Toronto has a robust trail and cycling network, near and around neighbourhoods throughout the city, that residents are encouraged to use every day to be physically active while respecting physical distancing.

A cycling network map, including multi-use trails, is available at https://www.toronto.ca/services-payments/streets-parking-transportation/cycling-in-toronto/cycling-google-map/.

Walking and hiking trails are available at https://www.toronto.ca/explore-enjoy/recreation/walking-hiking/trails/.

Quiet Streets update:

All planned and approved Quiet Streets locations are now in place, totalling more than 60 kilometres along neighbourhood routes across Toronto. Staff continue to actively monitor and adapt all locations, based on neighbourhood use, and have been returning to locations to address on-street issues as they arise. An online feedback survey is also being planned for those who are using Quiet Streets.

Quiet Streets are shared space to allow residents to maintain physical distancing, while getting around on neighbourhood streets. Signage and temporary barricades are placed at intersections to encourage slow, local vehicle access only so the roadway can be a shared space that welcomes people who walk, run or bike as an alternative to riding transit. Parking and drop off areas are not impacted and City services, such as waste collection and emergency access, continue as normal. Quiet Street locations have been prioritized based on several factors including population density, equity and access, access to greenspace, nearby attractions, traffic volumes and other considerations.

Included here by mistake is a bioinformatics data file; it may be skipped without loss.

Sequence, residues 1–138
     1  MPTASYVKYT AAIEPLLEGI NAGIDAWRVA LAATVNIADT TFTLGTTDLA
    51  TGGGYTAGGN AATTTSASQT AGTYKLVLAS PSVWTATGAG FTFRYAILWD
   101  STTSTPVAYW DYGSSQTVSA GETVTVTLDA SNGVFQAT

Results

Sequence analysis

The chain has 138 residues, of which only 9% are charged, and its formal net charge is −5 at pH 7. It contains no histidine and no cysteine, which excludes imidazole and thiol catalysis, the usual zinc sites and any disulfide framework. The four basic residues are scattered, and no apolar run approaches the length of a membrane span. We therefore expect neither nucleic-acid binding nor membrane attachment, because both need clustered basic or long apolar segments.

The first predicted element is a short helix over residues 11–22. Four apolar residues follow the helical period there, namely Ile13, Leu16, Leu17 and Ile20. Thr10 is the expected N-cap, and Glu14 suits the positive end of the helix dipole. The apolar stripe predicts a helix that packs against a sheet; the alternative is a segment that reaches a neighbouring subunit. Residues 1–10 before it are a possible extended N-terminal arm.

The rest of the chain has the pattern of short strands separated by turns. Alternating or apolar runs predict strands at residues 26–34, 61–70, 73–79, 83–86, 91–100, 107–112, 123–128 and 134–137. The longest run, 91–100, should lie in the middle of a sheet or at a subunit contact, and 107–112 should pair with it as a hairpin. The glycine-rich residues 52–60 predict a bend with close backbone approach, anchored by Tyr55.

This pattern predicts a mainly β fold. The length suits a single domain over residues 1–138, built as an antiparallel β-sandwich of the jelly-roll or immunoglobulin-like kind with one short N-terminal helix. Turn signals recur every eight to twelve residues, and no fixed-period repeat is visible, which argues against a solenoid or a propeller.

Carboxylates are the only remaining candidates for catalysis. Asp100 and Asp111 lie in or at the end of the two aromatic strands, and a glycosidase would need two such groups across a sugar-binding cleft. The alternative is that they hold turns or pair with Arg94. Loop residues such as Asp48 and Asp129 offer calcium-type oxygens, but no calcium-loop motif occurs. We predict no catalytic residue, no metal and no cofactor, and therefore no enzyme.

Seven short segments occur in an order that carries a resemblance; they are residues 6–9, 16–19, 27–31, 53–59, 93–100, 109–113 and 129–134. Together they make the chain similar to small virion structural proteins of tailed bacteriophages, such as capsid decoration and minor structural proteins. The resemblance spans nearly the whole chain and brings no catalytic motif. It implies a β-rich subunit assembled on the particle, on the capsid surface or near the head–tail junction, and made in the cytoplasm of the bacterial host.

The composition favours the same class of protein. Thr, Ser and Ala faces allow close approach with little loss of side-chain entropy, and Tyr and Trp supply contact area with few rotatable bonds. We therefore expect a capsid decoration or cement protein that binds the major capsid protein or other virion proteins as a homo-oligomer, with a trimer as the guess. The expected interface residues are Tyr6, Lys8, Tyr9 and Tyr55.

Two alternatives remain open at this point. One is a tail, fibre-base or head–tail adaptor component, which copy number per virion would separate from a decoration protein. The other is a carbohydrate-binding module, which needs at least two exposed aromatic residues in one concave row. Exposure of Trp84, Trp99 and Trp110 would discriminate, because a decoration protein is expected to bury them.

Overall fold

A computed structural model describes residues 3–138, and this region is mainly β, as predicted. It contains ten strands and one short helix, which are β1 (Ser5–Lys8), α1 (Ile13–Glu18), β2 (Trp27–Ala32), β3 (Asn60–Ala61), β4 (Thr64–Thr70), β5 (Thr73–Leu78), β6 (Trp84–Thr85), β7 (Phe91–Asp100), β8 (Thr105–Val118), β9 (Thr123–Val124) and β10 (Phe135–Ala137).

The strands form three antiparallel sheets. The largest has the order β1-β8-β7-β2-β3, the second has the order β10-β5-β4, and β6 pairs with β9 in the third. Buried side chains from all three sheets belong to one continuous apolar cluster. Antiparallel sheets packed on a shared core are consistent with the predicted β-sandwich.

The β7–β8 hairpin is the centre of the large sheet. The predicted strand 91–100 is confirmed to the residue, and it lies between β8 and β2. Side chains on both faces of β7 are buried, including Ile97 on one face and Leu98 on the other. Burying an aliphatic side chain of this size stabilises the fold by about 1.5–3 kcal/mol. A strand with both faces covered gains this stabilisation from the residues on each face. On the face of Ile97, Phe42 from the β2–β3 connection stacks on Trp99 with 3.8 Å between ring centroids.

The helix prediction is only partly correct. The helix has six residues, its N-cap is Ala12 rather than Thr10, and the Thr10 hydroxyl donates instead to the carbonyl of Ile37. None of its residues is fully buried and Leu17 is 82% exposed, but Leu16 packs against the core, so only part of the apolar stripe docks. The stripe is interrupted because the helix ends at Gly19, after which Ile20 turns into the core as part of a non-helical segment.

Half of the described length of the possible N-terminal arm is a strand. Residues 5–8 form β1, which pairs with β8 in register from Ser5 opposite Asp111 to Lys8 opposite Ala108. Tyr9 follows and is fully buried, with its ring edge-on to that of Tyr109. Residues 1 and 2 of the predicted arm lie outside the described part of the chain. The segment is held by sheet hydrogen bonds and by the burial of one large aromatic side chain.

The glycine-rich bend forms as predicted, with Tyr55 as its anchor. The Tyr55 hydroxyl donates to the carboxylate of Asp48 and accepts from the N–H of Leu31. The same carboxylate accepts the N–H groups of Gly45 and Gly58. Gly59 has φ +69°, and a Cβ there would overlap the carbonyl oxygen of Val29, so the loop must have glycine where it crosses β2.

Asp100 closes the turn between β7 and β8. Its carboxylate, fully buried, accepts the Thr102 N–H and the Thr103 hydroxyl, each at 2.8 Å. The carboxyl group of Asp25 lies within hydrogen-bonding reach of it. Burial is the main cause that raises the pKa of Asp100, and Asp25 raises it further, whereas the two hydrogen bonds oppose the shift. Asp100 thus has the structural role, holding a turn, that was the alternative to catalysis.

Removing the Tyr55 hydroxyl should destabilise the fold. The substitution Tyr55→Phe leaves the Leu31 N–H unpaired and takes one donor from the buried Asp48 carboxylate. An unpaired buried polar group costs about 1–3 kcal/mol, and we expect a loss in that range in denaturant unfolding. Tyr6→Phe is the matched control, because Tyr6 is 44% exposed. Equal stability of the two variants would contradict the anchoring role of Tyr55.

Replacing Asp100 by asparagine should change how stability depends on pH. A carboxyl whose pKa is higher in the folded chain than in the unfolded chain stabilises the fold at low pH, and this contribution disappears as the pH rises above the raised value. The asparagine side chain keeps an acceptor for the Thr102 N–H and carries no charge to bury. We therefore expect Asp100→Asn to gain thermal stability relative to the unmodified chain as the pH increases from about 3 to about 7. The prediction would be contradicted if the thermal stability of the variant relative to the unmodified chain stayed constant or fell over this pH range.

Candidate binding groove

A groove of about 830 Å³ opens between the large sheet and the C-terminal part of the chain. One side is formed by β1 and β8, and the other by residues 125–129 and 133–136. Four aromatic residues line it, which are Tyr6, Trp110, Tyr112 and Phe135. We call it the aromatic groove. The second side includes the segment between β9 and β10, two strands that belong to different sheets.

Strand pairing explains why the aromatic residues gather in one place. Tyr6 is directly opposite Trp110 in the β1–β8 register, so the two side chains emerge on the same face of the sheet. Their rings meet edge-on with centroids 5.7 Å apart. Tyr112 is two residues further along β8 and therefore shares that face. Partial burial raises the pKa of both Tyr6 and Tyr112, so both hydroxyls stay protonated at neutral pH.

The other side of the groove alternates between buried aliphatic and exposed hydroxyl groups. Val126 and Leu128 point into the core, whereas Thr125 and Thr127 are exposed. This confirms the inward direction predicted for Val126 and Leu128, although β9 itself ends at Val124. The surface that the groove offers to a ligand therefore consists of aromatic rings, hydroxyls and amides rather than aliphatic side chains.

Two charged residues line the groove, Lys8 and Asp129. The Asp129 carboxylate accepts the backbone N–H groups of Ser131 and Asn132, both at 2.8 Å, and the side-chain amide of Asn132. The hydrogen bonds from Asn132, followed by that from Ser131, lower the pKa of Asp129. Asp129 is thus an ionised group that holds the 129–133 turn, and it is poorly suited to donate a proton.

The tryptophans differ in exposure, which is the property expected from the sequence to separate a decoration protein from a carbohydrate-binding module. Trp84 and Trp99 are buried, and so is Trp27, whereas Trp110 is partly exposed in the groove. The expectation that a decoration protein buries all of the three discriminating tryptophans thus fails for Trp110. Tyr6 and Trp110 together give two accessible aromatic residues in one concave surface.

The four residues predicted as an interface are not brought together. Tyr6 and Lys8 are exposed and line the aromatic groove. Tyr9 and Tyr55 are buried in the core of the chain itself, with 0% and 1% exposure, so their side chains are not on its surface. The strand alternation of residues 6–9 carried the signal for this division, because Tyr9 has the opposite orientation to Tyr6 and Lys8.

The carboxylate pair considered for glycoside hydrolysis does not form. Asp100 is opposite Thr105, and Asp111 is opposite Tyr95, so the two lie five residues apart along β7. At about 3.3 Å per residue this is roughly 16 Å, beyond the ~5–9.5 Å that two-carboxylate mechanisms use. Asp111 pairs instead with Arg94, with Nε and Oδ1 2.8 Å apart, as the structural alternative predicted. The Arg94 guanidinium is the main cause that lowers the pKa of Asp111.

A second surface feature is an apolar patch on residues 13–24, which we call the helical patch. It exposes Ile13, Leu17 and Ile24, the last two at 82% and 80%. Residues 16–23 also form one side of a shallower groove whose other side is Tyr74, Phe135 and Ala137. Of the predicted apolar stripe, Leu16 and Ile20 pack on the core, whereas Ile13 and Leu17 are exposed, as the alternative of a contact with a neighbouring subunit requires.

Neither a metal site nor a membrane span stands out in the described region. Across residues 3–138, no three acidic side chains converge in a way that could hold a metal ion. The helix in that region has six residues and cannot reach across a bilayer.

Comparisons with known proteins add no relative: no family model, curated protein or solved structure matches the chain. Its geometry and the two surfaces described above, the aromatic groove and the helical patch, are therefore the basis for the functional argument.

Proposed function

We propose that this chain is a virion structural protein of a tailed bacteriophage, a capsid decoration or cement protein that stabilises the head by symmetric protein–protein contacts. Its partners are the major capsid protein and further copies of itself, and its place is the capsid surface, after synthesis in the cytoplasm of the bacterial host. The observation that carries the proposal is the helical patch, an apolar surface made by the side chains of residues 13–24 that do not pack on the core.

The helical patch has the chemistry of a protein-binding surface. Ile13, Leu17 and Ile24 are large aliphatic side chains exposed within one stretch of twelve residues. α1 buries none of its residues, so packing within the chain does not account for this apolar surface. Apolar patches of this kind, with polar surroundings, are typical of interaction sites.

More information on ActiveTO, including an online map of all locations, is available at http://www.toronto.ca/activeTO.

Find more Toronto and Montreal stories at totimes.ca and mtltimes.ca